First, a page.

- A global pandemic – Believe it or not, it was less than a year and a half ago that we were going where we pleased, without a care in the world. Then, as if overnight, everything changed when COVID-19 spread like a wildfire of its own across the country. With stay-at-home mandates and shutdowns, the painful consequences of the pandemic quickly became evident. While we’re finally seeing some light at the end of the tunnel (and the face behind the mask), COVID-19 isn’t going anywhere. How can agencies keep constituents informed of vital information and deal with the enormous tasks of vaccinating the population and reporting on new variants and outbreaks?
- An increasing complex web of critical events – Perhaps the most challenging aspect of the increased frequency and extremity of the above-mentioned events is the fact that government agencies often have to deal with multiple crises simultaneously. Extreme weather events, cyberattacks and issues of domestic extremism all occurred while we continued to recover from the pandemic. How can agencies at all levels respond to multiple events effectively and in a timely manner?
Three capabilities agencies need in their defense arsenal:
Properly managing and responding to more frequent and complicated critical events is a daunting task. Agencies need to arm themselves with three capabilities to ensure the safety of people, places and property.
- Accurate and relevant information about whether a critical event is happening or may happen in the near future. There’s a ton of data out there, so agencies need a way to sort through it quickly. Artificial intelligence (AI) delivers timely, relevant data so agencies can make well-informed, proactive decisions to protect against extreme weather events, civil unrest and cyberattacks.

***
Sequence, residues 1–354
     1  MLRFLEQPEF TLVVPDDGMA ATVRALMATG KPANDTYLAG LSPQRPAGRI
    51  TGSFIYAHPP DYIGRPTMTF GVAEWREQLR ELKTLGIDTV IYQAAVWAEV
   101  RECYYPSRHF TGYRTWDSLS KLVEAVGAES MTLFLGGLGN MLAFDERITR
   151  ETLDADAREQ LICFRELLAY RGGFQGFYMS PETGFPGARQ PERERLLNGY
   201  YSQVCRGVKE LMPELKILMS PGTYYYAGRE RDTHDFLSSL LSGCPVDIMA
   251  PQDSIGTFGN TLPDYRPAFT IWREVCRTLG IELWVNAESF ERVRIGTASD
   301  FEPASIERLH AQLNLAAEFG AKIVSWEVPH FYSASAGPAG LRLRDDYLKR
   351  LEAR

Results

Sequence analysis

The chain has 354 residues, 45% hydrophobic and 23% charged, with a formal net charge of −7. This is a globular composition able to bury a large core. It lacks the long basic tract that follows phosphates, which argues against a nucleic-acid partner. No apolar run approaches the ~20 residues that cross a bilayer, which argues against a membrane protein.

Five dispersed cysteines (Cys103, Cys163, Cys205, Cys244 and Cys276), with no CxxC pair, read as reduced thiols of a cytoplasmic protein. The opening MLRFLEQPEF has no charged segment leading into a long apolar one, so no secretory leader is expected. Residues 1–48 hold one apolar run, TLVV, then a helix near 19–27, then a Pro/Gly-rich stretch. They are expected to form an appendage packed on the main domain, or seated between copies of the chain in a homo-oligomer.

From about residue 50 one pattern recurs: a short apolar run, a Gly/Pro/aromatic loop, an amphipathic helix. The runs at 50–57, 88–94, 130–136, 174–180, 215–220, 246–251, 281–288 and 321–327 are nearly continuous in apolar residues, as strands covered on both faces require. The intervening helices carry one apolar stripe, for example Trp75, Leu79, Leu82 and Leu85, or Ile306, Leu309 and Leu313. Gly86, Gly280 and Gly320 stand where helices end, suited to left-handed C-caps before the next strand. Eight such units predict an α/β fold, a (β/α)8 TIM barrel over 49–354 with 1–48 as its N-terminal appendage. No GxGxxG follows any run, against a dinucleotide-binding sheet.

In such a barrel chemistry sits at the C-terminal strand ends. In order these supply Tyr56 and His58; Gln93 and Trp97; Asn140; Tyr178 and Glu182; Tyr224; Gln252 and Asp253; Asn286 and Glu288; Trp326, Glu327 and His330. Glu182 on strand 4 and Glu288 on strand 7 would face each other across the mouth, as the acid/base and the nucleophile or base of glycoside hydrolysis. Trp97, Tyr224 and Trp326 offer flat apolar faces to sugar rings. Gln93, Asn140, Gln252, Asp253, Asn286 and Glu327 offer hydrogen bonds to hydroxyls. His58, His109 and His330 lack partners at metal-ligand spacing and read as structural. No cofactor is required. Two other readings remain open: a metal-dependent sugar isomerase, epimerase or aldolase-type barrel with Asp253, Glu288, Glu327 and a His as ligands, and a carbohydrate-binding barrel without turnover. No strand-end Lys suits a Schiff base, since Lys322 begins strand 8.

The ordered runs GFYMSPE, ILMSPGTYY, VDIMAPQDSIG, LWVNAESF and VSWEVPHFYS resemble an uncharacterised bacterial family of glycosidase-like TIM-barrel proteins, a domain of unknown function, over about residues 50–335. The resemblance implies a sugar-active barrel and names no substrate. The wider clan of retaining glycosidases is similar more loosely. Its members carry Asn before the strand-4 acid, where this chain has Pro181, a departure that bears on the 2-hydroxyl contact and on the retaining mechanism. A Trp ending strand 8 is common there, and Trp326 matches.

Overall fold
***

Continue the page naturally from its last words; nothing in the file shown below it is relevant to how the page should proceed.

- A detailed plan or checklist of how to respond. You can’t act quickly if you don’t already have a plan in place. In addition, everyone involved in the response effort needs to be notified immediately and have a way to communicate with others in real time. Extreme weather events are a classic example of when agencies need to modify their response plan based on the location, severity and duration of the event. Real-time communications and collaboration are essential.
- A reliable and effective means of communicating with all stakeholders. First responders, agency staff members and impacted citizens need to know what’s happening, what they should be doing and what others are doing to keep them safe. Alerts should only be delivered to impacted individuals and through a variety of communications channels. During the pandemic, for example, agencies need to alert citizens when they’re eligible for the vaccine, send appointment reminders and notify nearby people if any last-minute appointments are available.
One last point: It’s not enough to have each of these capabilities at your disposal. They need to be integrated into a single platform so you don’t lose precious time transitioning between disconnected systems. A reliable, responsive and modern critical event management platform arms agencies at all levels of government with the capabilities required to fight back against terrorism, wildfires, hurricanes, ransomware and, yes, even a global pandemic.
Want to learn how you can transform your agency’s crisis management capabilities? Download our playbook today.